The new Global Health Insurance Card (GHIC), which despite the name is only valid for use in EU countries, replaces the EHIC. It can be used by UK residents when they are on holiday in any EU country for State-provided emergency healthcare.

The GHIC works under exactly the same terms and conditions as the EHIC. The GHIC is free and you can apply for a GHIC through the NHS.

However, this doesn’t mean that all medical treatment received under the EHIC/GHIC scheme would be free in Italy. It is possible that holidaymakers who get medical treatment under the EHIC/GHIC scheme may have to make financial contributions to the cost of their care. The EHIC/GHIC is a useful safety net, but it is not a substitute for high-quality travel insurance.

What are potential travel risks in Italy?

On the whole, Italy is considered a safe place to visit. The likelihood of being the victim of a crime is very low. That said, it is wise to be careful as you always should be when you travel anywhere new.

For instance, in large cities such as Rome, Naples, and Milan there may be pickpockets around. If you are in a crowded or touristy area, make sure to keep hold of your belongings and to have your wallet in your front pocket. Also, when sitting down in the outside area of a café, don’t leave your possessions in full view on the table.

With a bit of care you are very likely to be and feel safe at all times.

Top travel tips for Italy

Don’t expect to sip a cappuccino at lunch or dinner

If you’re a big cappuccino fan and are happy for it to accompany your meals, you may be disappointed. Cappuccinos are not typically served as a beverage with your lunch or dinner.

Instead, Italians tend to order a cappuccino as part of their breakfast. Buy a chocolate- or pistachio-filled cornetto and dip it into your cup of cappuccino. You will start your day as a true Italian!

Keep an eye on il coperto

Il coperto is the cover or service charge a restaurant may levy for seating you. Usually, it is printed on the menu.

It shouldn’t be more than a few euros per person and can be regarded as an alternative to a tip. Unless, of course, you have had exceptional service during your meal.

You may have to pay a tourist tax

Some Italian cities now levy a small tax on tourists. This is likely to be charged by your hotel and is unlikely to have been included in any package deal or pre-paid arrangements you made when organising your holiday.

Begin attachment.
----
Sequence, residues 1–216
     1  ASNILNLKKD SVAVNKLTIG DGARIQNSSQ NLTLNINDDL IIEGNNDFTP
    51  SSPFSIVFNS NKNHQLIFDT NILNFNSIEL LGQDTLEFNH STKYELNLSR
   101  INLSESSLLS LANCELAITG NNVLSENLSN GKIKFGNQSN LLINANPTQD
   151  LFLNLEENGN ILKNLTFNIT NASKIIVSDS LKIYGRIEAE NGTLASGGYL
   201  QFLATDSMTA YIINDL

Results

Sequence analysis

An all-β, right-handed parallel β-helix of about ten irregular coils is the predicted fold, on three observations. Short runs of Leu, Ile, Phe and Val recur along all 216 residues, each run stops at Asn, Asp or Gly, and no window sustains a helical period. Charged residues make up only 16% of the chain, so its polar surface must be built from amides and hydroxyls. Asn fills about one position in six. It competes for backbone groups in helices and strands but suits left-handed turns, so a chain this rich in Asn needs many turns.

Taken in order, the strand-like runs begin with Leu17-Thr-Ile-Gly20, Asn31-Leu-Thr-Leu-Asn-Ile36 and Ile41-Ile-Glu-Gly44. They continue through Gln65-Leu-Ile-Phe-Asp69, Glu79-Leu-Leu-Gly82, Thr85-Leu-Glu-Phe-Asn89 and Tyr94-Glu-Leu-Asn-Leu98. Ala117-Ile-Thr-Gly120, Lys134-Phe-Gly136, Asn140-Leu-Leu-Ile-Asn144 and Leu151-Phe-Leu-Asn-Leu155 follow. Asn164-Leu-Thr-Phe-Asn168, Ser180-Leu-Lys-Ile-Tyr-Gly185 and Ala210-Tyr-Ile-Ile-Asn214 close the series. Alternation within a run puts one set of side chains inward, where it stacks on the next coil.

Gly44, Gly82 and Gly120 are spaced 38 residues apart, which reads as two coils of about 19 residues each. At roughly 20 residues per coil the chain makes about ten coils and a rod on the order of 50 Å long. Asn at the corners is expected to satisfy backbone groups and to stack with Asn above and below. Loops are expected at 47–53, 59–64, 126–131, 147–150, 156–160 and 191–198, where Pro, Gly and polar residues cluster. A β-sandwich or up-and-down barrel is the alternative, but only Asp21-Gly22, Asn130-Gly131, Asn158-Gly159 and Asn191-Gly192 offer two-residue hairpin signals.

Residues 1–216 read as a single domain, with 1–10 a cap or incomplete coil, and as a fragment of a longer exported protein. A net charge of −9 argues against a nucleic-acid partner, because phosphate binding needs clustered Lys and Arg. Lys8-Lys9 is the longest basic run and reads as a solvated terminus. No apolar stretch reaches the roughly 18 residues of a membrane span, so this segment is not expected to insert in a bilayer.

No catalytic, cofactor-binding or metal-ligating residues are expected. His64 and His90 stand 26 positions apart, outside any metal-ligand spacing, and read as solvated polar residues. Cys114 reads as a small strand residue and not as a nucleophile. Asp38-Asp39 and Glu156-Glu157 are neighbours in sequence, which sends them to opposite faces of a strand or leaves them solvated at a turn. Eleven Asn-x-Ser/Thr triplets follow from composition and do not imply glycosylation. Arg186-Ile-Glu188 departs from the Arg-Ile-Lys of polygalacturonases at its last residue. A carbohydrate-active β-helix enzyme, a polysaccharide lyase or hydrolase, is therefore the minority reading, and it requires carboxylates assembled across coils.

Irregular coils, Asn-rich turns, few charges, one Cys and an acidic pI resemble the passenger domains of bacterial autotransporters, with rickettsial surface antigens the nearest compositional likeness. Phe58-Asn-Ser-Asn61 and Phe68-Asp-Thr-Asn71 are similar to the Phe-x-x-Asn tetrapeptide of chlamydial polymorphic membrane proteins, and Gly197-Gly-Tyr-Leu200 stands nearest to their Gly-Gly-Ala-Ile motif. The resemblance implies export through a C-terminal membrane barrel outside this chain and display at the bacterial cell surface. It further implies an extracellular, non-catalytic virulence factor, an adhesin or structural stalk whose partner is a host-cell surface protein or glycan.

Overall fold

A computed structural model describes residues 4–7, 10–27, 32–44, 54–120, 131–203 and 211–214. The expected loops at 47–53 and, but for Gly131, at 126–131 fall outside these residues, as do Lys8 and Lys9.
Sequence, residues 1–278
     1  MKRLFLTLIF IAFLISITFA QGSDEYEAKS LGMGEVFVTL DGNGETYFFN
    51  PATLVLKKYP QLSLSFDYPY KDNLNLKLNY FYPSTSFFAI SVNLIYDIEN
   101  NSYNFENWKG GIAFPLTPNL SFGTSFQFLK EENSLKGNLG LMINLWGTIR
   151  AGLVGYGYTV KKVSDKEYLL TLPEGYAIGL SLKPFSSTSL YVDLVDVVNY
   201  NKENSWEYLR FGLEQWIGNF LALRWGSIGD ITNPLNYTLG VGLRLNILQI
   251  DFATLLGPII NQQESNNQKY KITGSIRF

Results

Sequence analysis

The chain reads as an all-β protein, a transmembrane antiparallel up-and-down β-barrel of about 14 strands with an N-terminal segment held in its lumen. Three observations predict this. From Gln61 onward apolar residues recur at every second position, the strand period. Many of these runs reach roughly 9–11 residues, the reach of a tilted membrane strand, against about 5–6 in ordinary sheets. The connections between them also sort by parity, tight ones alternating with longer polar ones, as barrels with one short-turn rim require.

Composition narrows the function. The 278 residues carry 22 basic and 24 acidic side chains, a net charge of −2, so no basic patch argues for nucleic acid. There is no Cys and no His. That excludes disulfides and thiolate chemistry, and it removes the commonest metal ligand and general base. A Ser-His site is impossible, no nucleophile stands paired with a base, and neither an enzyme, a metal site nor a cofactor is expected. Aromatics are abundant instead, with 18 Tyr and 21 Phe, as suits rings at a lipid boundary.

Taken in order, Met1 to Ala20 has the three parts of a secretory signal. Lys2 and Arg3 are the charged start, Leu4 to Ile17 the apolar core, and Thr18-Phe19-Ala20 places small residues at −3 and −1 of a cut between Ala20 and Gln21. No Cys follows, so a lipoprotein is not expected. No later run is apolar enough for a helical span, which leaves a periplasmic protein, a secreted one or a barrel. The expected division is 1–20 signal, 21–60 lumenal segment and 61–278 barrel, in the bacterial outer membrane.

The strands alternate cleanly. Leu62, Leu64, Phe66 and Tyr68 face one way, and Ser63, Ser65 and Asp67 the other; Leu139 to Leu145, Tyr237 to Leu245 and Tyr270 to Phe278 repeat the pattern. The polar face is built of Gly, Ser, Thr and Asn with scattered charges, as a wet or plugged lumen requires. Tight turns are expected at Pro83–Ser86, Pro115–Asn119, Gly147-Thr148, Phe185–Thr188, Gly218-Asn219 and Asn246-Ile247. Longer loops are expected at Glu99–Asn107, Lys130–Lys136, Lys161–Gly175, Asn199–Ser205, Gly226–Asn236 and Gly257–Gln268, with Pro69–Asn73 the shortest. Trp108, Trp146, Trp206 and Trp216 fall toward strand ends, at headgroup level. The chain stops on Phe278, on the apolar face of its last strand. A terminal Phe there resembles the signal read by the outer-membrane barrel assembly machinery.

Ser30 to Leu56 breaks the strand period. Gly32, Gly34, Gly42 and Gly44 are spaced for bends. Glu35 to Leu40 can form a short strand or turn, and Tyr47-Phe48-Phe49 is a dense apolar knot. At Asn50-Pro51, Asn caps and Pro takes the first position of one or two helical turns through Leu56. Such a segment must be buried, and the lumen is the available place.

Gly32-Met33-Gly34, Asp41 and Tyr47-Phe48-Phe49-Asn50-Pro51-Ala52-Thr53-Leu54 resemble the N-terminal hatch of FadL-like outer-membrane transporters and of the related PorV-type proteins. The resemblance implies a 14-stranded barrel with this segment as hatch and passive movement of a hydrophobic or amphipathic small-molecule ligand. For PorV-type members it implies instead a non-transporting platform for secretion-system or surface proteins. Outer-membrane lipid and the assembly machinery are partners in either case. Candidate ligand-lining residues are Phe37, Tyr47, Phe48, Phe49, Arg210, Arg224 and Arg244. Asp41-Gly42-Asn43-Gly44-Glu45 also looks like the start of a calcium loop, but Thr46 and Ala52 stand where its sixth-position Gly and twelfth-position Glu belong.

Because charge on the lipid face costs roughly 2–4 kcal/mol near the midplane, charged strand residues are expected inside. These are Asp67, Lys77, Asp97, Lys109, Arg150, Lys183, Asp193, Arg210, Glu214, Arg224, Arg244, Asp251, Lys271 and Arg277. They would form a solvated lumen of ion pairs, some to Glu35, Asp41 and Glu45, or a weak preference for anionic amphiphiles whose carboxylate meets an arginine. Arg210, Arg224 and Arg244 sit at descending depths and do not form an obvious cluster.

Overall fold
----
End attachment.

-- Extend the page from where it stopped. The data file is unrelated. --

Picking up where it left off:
You may be asked to pay your tax in cash. However you pay, though, you should always get a receipt.

The rate of city tax varies from city to city, as well as from hotel to hotel. For more information on what you might have to pay, check local tourist information.

Mind your manners

Dropping litter in Italy is severely frowned upon. In some cities, you may face a fine if you are caught doing so.

Likewise, in some areas, it is an offence to sit on certain monuments. Did you know that you can receive a hefty fine if you sit on the famous steps in Piazza di Spagna(Rome)? What’s more, you are often not allowed to eat and drink in the vicinity of churches and other public buildings. 

Carry some cash

Many shops, restaurants, and attractions in big cities will gladly accept card payments. However, be aware that smaller establishments, especially in more rural parts of Italy, may require payment in cash.

Payment of small amounts (e.g., a few euros for a couple of espressos) may also be expected to be made in cash wherever you are. 

Think about transport

One of the best ways to get around and explore the country is to hire a car. However, make sure you have a valid UK driving licence, vehicle documents, and appropriate insurance.

Driving in Italy is relatively safe, but take extra care on winding mountain streets and hitting busy city roads. Bear in mind that certain places will not allow cars into the city centre. Milan, instead, has a congestion charge in place that you should be aware of.

Trains are also an option for travellers. Fares tend to be affordable and it’s the best way to admire beautiful sceneries. However, failure to have tickets stamped or ‘endorsed’ by machines at the station may result in a fine.

Arranging your next holiday in Rome, Venice, or Milan?

If you’re searching for travel insurance for your next trip to Italy, MoneySuperMarket is happy to help you find the right deal for your needs. Having travel insurance for Italy will allow you to explore and enjoy the country’s many surprises with peace of mind.

Just provide us with a few details about you and your plans, and we’ll scour our market to find an array of affordable deals for you to choose from.